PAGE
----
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Preopening and equilibrium selection

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  • Lovo, Stefano

    ()

  • Calcagno, Ricardo

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Abstract

In this paper, the authors introduce a form of pre-play communication that we call "preopening". During the preopening, players announce their tentative actions to be played in the underlying game. Announcements are made using a posting system which is subject to stochastic failures. Posted actions are publicly observable and players payo¤s only depend on the opening outcome, i.e. the action pro…le that is posted at the end of the preopening phase. We show that when the posting failures hit players idiosyncratically all equilibria of the preopening game lead to the same opening outcome that corresponds to the most "sensible" pure Nash equilibrium of the underlying game. By contrast preopening does not operate an equilibrium selection when posting failure hits players simultaneously.

Suggested Citation

  • Lovo, Stefano & Calcagno, Ricardo, 2010. "Preopening and equilibrium selection," HEC Research Papers Series 927, HEC Paris.
  • Handle: RePEc:ebg:heccah:0927
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    References listed on IDEAS

    as
    1. Crawford, Vincent P., 2017. "Let׳s talk it over: Coordination via preplay communication with level-k thinking," Research in Economics, Elsevier, vol. 71(1), pages 20-31.
    2. Robert J. Aumann & Sergiu Hart, 2003. "Long Cheap Talk," Econometrica, Econometric Society, vol. 71(6), pages 1619-1660, November.
      • Robert J. Aumann & Sergiu Hart, 2002. "Long Cheap Talk," Discussion Paper Series dp284, The Federmann Center for the Study of Rationality, the Hebrew University, Jerusalem, revised Nov 2002.
    3. Rabin Matthew, 1994. "A Model of Pre-game Communication," Journal of Economic Theory, Elsevier, vol. 63(2), pages 370-391, August.
    4. Crawford, Vincent P, 1995. "Adaptive Dynamics in Coordination Games," Econometrica, Econometric Society, vol. 63(1), pages 103-143, January.
    5. van Damme, Eric & Hurkens, Sjaak, 1996. "Commitment Robust Equilibria and Endogenous Timing," Games and Economic Behavior, Elsevier, vol. 15(2), pages 290-311, August.
    6. Banerjee, Abhijit & Weibull, Jorgen W., 2000. "Neutrally Stable Outcomes in Cheap-Talk Coordination Games," Games and Economic Behavior, Elsevier, vol. 32(1), pages 1-24, July.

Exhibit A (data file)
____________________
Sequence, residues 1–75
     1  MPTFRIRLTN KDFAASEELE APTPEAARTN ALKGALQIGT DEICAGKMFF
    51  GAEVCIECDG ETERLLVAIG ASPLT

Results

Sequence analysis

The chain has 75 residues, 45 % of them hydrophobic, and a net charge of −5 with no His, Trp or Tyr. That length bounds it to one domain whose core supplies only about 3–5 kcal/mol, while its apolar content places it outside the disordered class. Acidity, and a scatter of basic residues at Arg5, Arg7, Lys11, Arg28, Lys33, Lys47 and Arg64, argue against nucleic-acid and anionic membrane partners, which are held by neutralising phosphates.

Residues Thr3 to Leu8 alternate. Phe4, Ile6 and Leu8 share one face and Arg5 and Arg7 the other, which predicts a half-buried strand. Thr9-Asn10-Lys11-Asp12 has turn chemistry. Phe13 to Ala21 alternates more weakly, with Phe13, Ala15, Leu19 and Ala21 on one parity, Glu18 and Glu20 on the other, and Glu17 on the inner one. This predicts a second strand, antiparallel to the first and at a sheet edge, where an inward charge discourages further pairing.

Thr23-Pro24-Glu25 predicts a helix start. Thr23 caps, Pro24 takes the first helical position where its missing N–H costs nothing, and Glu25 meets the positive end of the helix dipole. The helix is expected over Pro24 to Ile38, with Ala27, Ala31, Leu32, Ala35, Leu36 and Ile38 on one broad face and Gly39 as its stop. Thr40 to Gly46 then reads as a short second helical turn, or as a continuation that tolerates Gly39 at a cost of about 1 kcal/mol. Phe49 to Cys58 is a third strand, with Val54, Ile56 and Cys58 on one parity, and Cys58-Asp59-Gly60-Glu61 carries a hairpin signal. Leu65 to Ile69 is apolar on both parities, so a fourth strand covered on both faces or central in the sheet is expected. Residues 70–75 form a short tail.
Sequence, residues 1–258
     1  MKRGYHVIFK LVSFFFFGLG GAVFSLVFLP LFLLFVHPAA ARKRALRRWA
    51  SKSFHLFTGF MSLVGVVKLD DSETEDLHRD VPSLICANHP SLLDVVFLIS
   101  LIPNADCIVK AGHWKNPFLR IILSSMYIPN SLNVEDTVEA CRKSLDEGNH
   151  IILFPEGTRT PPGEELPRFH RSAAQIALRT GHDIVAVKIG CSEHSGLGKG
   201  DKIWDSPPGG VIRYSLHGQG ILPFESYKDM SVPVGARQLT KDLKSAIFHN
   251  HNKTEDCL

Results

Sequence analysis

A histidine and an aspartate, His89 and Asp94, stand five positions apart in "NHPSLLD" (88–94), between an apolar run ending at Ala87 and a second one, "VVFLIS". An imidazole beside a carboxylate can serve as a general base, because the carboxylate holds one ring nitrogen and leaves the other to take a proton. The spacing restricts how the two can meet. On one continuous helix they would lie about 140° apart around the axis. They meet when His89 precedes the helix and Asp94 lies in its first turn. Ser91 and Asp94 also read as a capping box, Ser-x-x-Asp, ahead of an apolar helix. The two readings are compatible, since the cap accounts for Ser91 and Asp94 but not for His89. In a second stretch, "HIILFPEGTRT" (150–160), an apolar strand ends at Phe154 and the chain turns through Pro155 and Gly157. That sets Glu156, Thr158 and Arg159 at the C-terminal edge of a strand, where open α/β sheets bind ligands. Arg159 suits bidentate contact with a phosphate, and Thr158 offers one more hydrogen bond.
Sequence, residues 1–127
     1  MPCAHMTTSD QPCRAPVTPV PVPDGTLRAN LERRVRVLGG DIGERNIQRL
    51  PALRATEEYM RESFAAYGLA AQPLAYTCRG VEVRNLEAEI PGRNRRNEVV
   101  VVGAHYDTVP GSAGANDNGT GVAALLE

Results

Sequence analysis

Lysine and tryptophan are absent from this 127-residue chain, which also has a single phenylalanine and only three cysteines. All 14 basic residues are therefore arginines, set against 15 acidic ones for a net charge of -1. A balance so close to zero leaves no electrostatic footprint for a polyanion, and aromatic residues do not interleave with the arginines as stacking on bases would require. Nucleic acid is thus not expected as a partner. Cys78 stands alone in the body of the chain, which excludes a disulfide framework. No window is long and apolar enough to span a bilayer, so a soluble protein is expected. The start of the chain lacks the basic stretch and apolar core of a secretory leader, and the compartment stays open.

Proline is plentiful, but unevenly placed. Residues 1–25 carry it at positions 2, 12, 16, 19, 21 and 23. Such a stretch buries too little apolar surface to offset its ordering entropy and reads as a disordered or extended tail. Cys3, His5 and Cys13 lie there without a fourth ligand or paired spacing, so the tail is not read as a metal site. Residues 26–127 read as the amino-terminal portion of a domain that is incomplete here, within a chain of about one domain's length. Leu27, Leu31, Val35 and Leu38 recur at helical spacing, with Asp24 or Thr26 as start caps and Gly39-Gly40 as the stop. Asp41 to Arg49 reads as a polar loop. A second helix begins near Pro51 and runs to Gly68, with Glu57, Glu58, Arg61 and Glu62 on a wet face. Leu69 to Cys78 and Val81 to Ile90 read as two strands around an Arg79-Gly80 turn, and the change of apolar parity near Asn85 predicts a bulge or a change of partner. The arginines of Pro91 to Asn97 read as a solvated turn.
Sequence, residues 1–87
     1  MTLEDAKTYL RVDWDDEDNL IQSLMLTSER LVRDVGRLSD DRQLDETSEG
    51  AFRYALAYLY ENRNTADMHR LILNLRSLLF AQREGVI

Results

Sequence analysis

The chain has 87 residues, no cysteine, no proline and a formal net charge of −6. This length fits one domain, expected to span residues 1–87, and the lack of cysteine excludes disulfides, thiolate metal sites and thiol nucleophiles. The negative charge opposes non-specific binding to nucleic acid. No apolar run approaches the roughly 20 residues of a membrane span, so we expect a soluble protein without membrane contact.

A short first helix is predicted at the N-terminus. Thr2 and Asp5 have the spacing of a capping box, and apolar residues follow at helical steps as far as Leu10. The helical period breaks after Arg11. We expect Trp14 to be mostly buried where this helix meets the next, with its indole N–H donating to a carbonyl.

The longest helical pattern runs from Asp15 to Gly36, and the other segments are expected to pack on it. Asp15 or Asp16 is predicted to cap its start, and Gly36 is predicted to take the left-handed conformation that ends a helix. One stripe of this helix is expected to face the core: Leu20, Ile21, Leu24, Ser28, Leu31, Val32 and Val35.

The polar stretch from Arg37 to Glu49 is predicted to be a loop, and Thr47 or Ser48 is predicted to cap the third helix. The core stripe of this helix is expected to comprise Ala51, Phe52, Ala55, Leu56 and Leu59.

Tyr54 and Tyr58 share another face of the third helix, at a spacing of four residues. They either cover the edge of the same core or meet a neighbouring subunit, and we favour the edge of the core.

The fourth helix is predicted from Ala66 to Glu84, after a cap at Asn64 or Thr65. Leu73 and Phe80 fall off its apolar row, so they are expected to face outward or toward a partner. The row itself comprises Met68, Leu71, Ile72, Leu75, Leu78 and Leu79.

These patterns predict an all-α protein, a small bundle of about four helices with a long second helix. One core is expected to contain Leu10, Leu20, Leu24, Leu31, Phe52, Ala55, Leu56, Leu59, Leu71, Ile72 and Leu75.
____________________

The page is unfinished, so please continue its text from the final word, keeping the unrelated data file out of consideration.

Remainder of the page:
7. Bruno Biais & Christophe Bisière & Sébastien Pouget, 2014. "Equilibrium Discovery and Preopening Mechanisms in an Experimental Market," Management Science, INFORMS, vol. 60(3), pages 753-769, March.
    8. Kandori, Michihiro & Mailath, George J & Rob, Rafael, 1993. "Learning, Mutation, and Long Run Equilibria in Games," Econometrica, Econometric Society, vol. 61(1), pages 29-56, January.
    9. Guillermo Caruana & Liran Einav, 2008. "A Theory of Endogenous Commitment," Review of Economic Studies, Oxford University Press, vol. 75(1), pages 99-116.
    10. Joseph Farrell, 1987. "Cheap Talk, Coordination, and Entry," RAND Journal of Economics, The RAND Corporation, vol. 18(1), pages 34-39, Spring.
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    Citations

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    Cited by:

    1. Calcagno, Riccardo & Kamada, Yuichiro & Lovo, Stefano & Sugaya, Takuo, 2014. "Asynchronicity and coordination in common and opposing interest games," Theoretical Economics, Econometric Society, vol. 9(2), May.
    2. Roy, Nilanjan, 2017. "Action revision, information and collusion in an experimental duopoly market," MPRA Paper 77033, University Library of Munich, Germany.
    3. Ruben Juarez & Rajnish Kumar, 2013. "Implementing efficient graphs in connection networks," Economic Theory, Springer;Society for the Advancement of Economic Theory (SAET), vol. 54(2), pages 359-403, October.
    4. Dutta, Prajit K., 2012. "Coordination need not be a problem," Games and Economic Behavior, Elsevier, vol. 76(2), pages 519-534.
    5. Selma Boussetta & Laurance Lescourret & Sophie Moinas, 2018. "The Role of Pre-Opening Mechanisms in Fragmented Markets," EconPol Working Paper 12, ifo Institute - Leibniz Institute for Economic Research at the University of Munich.

    More about this item

    Keywords

    Preopening; equilibrium selection; bargaining; cheap talk;

    JEL classification:

    • C72 - Mathematical and Quantitative Methods - - Game Theory and Bargaining Theory - - - Noncooperative Games
    • C73 - Mathematical and Quantitative Methods - - Game Theory and Bargaining Theory - - - Stochastic and Dynamic Games; Evolutionary Games
    • C78 - Mathematical and Quantitative Methods - - Game Theory and Bargaining Theory - - - Bargaining Theory; Matching Theory
    • G10 - Financial Economics - - General Financial Markets - - - General (includes Measurement and Data)

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